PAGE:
(2022) Sylvain Neuvel, Michael Joseph, £16.99, hrdbk, 293pp, ISBN 978-0-241-44514-3
This is the second book in a proposed trilogy. The first book in this series, A History of What Comes Next, published back in 2021, set up the situation by telling us of the covert actions of an alien race known as the Kibsu. For thousands of years the Kibsu have been guiding human events, with the ultimate aim being to get humans to the stars before the Human race manages to kill itself off. There is an alternative motive as well, there is a risk that, according to Kibsu legend, the Earth will be attacked and destroyed by an ancient evil that will come and kill them all.
To show this the books are centred on one Kibsu family, living in secret amongst humans. A History of What Comes Next dealt with Sarah and her daughter Mia as they guided the beginnings of the Space Race through the Second World War. This second novel continues the tale, but with Mia now the mother to Lola. The timeline covers the 1960ís to the 1980ís, from the revolutions of 1968 to the Voyager 2 probe leaving Pluto in 1989.
The Kibsuís mantra are six fundamental rules:
The First Rule is the most important: Fear the Tracker. Always run
Preserve the knowledge.
Survive at all costs.
Donít draw attention to yourself.
Donít leave a trace.
Last and certainly not least: there can never be three for too long.
These rules are adhered to with brutal efficiency, for the good of the many. People are killed, evidence obliterated, lives uprooted. Of the original bloodline there is now only Mia and Lola. Continuing the bloodline through daughters, the Kibsu are always on the run, knowing that if they are discovered by the Trackers they will be killed. In a separate story arc, we hear of a trio of brothers who are Trackers, determined to kill what they see as a scourge on the Human race, for in their opinion it is the Kibsu that will cause human extermination. They are appropriately violently psychotic.
Like last time this story in very short chapters is interspersed with stories of older members of the Kibsu Hundred. This includes Aglaonike of Thessaly, and mathematician Hypatia amongst others, all women solving science and creating theories that have moulded us into what we are today, redressing the imbalance that it is always the males doing the scientific advancement. Sylvain does well to again mix real people in with the fantasy, although I must admit that bringing in Jack the Ripper was a touch too extreme for me.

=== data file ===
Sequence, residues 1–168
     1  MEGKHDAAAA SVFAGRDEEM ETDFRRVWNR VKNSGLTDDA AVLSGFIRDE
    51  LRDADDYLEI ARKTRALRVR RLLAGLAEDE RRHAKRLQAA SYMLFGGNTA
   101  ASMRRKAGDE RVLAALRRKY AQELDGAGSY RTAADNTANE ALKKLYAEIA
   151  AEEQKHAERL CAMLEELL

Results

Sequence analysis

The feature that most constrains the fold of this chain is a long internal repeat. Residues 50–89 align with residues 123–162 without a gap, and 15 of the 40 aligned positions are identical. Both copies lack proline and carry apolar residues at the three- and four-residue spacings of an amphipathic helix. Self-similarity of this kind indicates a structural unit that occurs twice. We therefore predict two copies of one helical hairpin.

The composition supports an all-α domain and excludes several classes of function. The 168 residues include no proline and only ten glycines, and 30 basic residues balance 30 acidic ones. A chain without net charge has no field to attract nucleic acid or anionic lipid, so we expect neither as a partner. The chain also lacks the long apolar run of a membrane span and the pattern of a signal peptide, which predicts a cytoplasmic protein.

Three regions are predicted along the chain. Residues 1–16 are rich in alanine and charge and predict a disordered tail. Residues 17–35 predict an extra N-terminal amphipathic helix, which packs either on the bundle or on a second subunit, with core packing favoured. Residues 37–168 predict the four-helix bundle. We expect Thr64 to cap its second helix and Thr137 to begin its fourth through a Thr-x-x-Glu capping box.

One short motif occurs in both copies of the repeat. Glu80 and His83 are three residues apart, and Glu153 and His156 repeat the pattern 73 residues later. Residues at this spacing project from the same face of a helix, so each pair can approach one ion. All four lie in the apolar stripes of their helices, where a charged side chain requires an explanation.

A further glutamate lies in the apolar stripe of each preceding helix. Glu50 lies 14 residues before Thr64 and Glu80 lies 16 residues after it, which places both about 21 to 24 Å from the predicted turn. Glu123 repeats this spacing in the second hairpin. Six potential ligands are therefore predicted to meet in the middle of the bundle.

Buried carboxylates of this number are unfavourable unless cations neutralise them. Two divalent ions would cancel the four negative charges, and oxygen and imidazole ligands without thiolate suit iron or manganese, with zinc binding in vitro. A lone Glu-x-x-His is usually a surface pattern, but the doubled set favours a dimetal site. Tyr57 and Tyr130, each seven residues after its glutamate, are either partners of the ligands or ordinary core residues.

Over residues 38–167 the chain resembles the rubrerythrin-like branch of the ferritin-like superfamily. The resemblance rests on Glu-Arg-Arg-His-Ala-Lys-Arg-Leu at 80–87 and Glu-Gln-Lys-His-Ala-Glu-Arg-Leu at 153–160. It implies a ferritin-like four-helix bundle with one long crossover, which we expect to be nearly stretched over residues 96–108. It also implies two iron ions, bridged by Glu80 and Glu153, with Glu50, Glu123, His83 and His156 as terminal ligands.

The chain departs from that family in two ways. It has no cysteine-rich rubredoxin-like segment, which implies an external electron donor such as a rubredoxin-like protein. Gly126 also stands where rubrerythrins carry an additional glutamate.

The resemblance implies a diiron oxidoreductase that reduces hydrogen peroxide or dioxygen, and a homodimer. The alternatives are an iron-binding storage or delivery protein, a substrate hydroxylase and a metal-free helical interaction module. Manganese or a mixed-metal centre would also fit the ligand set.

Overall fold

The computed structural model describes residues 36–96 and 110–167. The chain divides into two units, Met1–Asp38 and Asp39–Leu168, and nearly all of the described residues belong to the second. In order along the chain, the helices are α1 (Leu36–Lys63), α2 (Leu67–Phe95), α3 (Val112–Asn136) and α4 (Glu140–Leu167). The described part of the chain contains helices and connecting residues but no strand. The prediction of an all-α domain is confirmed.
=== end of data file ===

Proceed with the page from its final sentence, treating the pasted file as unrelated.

A couple of bugbears. The coverís a little misleading in that its style suggests to me that that much of the book will be based on the Soviet perspective of the Space Race Ė the first book had a Nazi style rocket on its cover, which seemed appropriate for the events of the novel.
Whilst the developments of the USSR are undoubtedly important to this story, and are mentioned, the book is focussed upon the achievements of the USA, such as the Space Shuttle and the Voyager probes. And this as much a fault of history rather than the book. The Space Race had pretty much fizzled out by the late 1970s, when the achievements of the Americans were still amazing but sadly less inspiring. Instead of Apollo (an event rarely mentioned here, oddly) we have the unmanned Pioneer and Voyager, and to a lesser extent the Russian Venera. Vostok and Soyuz are rarely mentioned.
Clearly, we are laying the foundations for future space travel here but, as in real life, the enthusiasm of the 1940ís and 50ís has given way to the hard-headed practicalities of the 80ís and 90ís. With less of a direct human input, the travel into the Solar System seem less interesting. More on the Russian cosmonauts would have readdressed this, I think.
To get around this further, the book is kept moving with a plot McGuffin involving a search for ancient relics - a Scythian bow with alien inscription, and a strange sphere which may hold the answer to many secrets. This involves Mia and Lola travelling to places such as Egypt, Pakistan, and China in ways that seem a little forced plot-wise but give us a bigger picture of what is happening in the world whilst the manned Space Race isnít happening.
Thereís a lot of Until the Last of Me that I liked Ė the marrying of fiction with real events, the descriptions of other planets that still generate a sense of wonder Ė but it isnít perfect. Thereís a couple of plot points that didnít work for me, one involving a fight with a desert wolf heavy in symbolism and thereís at least one coincidence that seems too good to be true, but on the whole the book builds relentlessly until the classic conflict at the end. Despite my reservations it was still readable, and I found it difficult to put down.
You could read this as a standalone Ė there are enough explanations of what has gone before to make it followable Ė but I would probably recommend reading A History of What Comes Next first to follow things fully.
Like last time, thereís a playlist available, each track being the title of one of the 65 chapters in the book dating from 1968 Ė 1989, and thereís another great Further Reading list at the back of the book that shows how many of the people and events in the story are connected to real people, places and events. Even if you donít enjoy the novel, the playlist (on Spotify and no doubt other streaming platforms) is terrific.
In short, Until the Last of Me is a typical middle book in a trilogy. Things happen, building upon what has happened in the first book, but things are not concluded. Consequently, I donít think this novel is as good as the first, although it is still undeniably intelligent and literate. Nevertheless, I look forward to the third book.
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